Lenten Devotional: The Urgency of Repentance
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Ash Wednesday: Joel 2:12–17 and 2 Corinthians 5:20–6:10
Throughout Scripture, repentance always entails a profound sense of urgency. Although we’re frequently exhorted to wait on the Lord, the Bible never suggests we should wait to repent. For Joel, prophesying at a time when Judah was experiencing God’s severe judgment in the form of a locust plague, the idea that turning from sin could somehow be postponed to a more “convenient” time would have seemed absurd. The time for repentance is always now.
How easy it is, though, to treat our sins with something less than the urgency they demand. How apt we are to excuse or ignore our transgressions as if they were harmless foibles rather than rebellious acts against our righteous Lord. How quickly we forget that we answer to a holy, sovereign king whose judgment is just and whose justice is swift.
One of the great blessings of Ash Wednesday is that it helps reawaken in us a sense of our sin’s seriousness. It invites us to focus our attention anew on the urgent need to turn from our iniquities and cry out to God. At the same time, a potential risk of Ash Wednesday is that it can, if we’re not careful, inadvertently contribute to the false notion that repentance is something we can pencil into our calendars, like a doctor’s appointment or an evening with friends. Rightly understood, however, today is not about taking our sin seriously once, and only once, a year. It is about reminding us that now is the time for repentance: “‘Even now,’ declares the Lord, ‘return to me with all your heart, with fasting and weeping and mourning.’” (Joel 2:12).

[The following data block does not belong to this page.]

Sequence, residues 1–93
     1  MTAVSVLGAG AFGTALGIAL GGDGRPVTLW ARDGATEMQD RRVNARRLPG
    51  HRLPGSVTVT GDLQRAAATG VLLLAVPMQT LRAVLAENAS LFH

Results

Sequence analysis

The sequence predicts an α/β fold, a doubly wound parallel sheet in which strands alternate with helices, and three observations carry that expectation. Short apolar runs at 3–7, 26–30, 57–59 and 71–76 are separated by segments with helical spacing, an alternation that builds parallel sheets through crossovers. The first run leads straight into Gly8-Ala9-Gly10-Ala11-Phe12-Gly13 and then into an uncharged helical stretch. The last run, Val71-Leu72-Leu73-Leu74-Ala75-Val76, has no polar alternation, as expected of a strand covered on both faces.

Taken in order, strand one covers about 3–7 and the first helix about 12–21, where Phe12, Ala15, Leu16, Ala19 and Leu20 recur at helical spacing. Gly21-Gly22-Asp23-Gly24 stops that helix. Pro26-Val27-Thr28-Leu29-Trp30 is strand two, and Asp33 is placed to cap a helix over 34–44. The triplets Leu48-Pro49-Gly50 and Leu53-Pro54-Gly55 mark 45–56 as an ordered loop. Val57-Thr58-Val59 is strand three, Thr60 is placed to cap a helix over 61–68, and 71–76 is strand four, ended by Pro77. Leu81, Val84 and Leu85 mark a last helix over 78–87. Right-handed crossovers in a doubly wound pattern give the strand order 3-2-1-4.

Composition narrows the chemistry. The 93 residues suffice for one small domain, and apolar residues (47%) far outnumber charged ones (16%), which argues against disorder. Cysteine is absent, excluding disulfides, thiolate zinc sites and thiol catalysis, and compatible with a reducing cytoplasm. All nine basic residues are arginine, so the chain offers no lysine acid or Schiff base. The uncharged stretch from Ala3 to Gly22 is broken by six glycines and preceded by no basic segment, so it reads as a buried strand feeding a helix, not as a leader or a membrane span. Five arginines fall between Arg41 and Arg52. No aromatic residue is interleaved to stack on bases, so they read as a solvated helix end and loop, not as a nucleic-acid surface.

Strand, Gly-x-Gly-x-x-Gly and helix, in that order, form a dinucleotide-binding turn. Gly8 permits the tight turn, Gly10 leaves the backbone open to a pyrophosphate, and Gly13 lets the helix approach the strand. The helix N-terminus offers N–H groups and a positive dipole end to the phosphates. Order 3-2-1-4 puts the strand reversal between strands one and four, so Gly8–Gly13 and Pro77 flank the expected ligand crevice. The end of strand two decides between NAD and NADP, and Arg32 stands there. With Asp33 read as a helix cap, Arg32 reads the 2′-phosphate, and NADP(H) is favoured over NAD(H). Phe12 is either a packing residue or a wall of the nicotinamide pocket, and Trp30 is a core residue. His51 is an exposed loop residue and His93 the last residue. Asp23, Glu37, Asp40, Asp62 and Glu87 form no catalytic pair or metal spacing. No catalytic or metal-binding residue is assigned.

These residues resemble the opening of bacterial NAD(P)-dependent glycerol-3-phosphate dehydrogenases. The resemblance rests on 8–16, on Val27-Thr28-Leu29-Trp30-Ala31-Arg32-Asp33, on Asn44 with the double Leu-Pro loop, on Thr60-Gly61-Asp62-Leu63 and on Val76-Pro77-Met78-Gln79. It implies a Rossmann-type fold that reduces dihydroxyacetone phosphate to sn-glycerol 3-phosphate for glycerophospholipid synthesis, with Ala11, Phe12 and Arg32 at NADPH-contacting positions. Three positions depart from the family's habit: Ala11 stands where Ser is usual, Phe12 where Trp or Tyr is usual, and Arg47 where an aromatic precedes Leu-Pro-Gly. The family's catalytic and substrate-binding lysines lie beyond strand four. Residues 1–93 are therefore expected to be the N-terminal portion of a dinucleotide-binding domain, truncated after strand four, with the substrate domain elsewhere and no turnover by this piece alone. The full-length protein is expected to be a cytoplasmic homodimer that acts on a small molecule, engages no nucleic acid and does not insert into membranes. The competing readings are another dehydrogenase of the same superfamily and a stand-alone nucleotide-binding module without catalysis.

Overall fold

Of course, to confront our sin honestly requires God-given courage. Searching our hearts with sober, clear-eyed vision is a daunting, often discouraging task. As Christians, however, such searching needn’t lead to despair. Why? Because God is “gracious and compassionate, slow to anger and abounding in love” (Joel 2:13). The Apostle Paul knew the wondrous truth of Joel’s proclamation because he recognized its fullest expression in Christ’s atoning sacrifice: “God made him who had no sin to be sin for us, so that in him we might become the righteousness of God” (2 Cor. 5:21). Today and every day, we can face our sin not only with urgency but also with hope because our forgiveness has already been purchased through the blood of Christ. Brothers and sisters, “I tell you, now is the time of God’s favor, now is the day of salvation” (2 Cor. 6:2).
By Chad P. Stutz, Chair of the Department of English, Languages and Linguistics